Merlot, a kinetic sculpture

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Project by Derek Hugger posted 09-24-2014 01:16 AM 7344 views 16 times favorited 11 comments Add to Favorites Watch

Merlot is a kinetic wooden sculpture that creates a mesmerizing kaleidoscopic effect. In one orientation, Merlot’s forms create an array of stemless wine glasses. Rotate those forms 180 degrees, and smaller, stemmed wine glasses appear. Fully wound, this sculpture will dance for hours at a time.

Merlot is a sculpture that came into its final form after more than seven months of refinement, with forms evolving through nearly two dozen design iterations. It was a project that sparked challenge after unexpected challenge. The first full round of parts that were assembled did not work at all. I had difficulty getting assemblies to stay balanced, parts were moving in ways I hadn’t anticipated, and the spring that I thought was going to have plenty of excess power had hardly enough to keep an already spinning assembly moving. With the months of time that I had devoted to the project at that point, the number of failures in my design seemed almost depressing. Regardless, there exists a solution to every problem. I jumped back into design mode and got back to work.

After a few iterations, the design appeared promising. Parts were more robust, assemblies were easier to put together, and balancing everything was a simple and straight forward process. The only issue now was that my initial thoughts about the spring were true; it was putting out too much power, and the sculpture was spinning too quickly. In hindsight, the solution to this problem seems obvious, but at the time, it left me puzzled for days. What eventually materialized was a simple brake, a weighted speed limiter that wrapped itself around the main spinning assembly. With that last piece in place, Merlot was complete. It worked well, and it worked reliably.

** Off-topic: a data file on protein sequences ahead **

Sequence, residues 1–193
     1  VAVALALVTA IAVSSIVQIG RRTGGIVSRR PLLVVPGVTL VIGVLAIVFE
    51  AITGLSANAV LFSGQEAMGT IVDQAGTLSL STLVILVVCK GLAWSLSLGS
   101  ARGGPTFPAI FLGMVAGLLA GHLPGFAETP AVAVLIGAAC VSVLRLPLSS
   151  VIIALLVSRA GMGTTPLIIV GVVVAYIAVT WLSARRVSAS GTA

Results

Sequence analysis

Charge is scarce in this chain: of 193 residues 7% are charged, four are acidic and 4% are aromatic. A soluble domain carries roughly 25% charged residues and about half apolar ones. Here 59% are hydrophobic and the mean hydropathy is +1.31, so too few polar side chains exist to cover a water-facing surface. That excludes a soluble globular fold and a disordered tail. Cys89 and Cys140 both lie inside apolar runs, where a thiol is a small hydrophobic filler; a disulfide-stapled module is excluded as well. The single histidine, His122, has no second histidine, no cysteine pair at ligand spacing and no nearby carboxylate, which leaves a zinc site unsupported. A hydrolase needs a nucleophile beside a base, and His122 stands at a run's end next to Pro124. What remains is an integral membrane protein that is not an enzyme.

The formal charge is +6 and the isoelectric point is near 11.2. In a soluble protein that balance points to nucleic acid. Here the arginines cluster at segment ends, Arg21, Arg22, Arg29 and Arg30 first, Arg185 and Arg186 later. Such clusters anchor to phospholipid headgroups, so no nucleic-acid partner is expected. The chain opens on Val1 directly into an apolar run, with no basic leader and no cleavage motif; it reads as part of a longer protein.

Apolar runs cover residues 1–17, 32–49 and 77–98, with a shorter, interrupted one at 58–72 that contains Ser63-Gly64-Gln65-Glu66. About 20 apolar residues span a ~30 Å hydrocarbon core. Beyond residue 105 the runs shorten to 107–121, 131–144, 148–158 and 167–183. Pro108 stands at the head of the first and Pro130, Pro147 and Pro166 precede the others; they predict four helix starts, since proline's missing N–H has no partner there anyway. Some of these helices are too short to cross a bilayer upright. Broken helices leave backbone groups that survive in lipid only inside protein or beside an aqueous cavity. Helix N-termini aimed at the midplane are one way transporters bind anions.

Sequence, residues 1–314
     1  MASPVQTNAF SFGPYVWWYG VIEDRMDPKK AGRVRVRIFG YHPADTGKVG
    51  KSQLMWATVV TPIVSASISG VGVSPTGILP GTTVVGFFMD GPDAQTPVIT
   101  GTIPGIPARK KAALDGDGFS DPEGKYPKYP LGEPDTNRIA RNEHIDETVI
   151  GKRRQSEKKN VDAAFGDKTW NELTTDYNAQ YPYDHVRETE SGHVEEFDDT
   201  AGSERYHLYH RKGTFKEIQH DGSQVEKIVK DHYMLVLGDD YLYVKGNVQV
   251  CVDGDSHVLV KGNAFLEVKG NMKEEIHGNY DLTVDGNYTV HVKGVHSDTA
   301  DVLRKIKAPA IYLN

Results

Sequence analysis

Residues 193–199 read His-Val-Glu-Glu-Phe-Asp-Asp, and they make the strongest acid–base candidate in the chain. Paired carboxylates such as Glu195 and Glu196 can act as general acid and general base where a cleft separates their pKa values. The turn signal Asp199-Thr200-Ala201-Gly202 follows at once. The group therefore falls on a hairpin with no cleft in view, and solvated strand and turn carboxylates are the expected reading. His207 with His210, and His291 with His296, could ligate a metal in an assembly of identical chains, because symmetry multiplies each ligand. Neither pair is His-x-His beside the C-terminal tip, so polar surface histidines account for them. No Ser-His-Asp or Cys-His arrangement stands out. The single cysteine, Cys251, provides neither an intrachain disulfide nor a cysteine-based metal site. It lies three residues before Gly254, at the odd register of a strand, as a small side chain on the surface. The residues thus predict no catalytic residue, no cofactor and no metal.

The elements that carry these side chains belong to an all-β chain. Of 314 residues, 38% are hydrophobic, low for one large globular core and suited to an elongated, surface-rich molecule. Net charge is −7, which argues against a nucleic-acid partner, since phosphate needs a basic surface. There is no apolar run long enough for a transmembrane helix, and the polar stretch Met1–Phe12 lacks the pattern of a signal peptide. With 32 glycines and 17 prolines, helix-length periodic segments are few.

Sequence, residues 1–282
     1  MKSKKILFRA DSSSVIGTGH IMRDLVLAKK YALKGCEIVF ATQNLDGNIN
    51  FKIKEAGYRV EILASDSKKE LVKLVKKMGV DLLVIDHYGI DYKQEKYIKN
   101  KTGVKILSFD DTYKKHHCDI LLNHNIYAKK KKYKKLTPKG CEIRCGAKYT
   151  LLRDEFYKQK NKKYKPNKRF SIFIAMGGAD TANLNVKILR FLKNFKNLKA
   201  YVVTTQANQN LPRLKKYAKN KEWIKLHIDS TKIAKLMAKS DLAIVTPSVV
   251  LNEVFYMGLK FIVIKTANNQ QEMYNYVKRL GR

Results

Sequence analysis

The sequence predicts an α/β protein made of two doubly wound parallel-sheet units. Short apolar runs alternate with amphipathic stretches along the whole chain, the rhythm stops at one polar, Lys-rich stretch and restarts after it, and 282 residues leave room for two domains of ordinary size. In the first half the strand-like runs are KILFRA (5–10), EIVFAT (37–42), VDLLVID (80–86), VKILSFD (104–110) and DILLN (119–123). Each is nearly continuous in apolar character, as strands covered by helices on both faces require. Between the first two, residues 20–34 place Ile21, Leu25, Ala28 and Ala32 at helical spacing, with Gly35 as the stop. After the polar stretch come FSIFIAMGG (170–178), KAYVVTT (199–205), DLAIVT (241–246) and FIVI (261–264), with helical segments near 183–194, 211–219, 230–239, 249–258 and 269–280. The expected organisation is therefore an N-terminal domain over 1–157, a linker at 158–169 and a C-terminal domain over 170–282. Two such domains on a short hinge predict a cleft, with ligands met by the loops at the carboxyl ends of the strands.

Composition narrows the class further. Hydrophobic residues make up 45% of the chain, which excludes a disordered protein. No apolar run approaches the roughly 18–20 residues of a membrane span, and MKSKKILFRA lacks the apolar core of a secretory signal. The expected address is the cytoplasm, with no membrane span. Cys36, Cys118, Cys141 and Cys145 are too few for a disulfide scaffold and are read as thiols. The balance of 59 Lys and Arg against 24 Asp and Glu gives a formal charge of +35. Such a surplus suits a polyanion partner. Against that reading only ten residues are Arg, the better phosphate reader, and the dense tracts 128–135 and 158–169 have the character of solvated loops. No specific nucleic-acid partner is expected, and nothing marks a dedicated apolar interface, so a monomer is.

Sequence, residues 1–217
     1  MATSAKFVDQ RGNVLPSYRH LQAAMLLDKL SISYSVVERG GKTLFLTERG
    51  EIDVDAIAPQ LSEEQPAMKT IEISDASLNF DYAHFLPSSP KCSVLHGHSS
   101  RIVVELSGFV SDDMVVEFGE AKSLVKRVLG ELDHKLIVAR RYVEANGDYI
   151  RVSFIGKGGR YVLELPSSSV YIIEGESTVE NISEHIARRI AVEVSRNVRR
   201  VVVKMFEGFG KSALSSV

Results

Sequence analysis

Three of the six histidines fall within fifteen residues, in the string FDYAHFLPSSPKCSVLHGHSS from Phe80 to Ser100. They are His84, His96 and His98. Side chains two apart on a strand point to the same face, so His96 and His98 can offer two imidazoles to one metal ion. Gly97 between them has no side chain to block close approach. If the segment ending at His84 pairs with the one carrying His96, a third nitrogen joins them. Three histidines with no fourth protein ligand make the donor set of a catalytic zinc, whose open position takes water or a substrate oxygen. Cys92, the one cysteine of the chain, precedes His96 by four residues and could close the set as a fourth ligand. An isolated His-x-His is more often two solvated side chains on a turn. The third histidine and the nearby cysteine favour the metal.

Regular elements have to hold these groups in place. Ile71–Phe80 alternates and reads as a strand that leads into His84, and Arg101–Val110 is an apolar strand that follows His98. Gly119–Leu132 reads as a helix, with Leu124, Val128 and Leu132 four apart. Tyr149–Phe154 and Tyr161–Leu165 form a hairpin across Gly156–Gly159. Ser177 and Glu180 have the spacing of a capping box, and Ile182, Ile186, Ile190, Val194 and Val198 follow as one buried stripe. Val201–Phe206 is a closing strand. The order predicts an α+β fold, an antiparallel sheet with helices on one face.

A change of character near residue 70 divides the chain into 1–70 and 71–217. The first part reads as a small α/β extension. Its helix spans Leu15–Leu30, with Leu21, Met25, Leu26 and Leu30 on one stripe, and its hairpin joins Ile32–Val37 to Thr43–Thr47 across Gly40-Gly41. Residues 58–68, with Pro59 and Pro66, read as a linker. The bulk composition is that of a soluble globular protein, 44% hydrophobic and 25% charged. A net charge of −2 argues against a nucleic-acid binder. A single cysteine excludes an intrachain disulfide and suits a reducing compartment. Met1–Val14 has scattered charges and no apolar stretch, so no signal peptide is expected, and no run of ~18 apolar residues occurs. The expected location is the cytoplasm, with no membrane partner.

Merlot is a sculpture that was incredibly frustrating to design, but all things considered, that frustration was good. It challenged me to think, and it forced ingenuity. In the end, it was a project that gave me a great sense of accomplishment.

For more info or to get woodworking plans, check out my website:

A sample of the woodworking plans for Merlot are here.

Here’s a video of Merlot in motion:

11 comments so far

View wseand's profile


2796 posts in 4288 days

#1 posted 09-24-2014 02:59 AM

Just a great design, you have a great web site too.

View steve_in_ohio's profile


1195 posts in 2857 days

#2 posted 09-24-2014 10:34 AM

Wow, that is amazing, great job

-- steve, simple and effective

View hotncold's profile


788 posts in 2791 days

#3 posted 09-24-2014 04:01 PM

Kinetic Art!! That is not only beautiful, but it’s absolutely AMAZING to watch.
Most excellent!!

-- Dennie - Tennessee

View ay1978pa's profile


33 posts in 3153 days

#4 posted 09-24-2014 04:11 PM


-- Alex

View mahdee's profile


4291 posts in 3014 days

#5 posted 09-24-2014 04:15 PM

Love it.. Great work.


View RPhillips's profile


1323 posts in 3082 days

#6 posted 09-24-2014 05:25 PM

Amazing work, very nice site too. I’ll probably be picking up a set of plans in the near future.

-- Rob - Indianapolis IN - Learning... one mistake at a time...

View exelectrician's profile


2339 posts in 3674 days

#7 posted 09-24-2014 06:46 PM

Your stick-toit-ness is evident, so many people quit when the going gets tough, Well done!

-- Love thy neighbour as thyself

View Redoak49's profile


5395 posts in 3235 days

#8 posted 09-24-2014 11:46 PM

I am at a loss for words for this project. An incredible design job and implementation.

View Philip's profile


1277 posts in 3785 days

#9 posted 09-25-2014 01:16 AM

Great project Derek, looks amazing

-- I never finish anyth

View mcoyfrog's profile


4757 posts in 4841 days

#10 posted 09-25-2014 06:10 PM

Holy Crikey thats amazing. How did you come up with that kind of a design??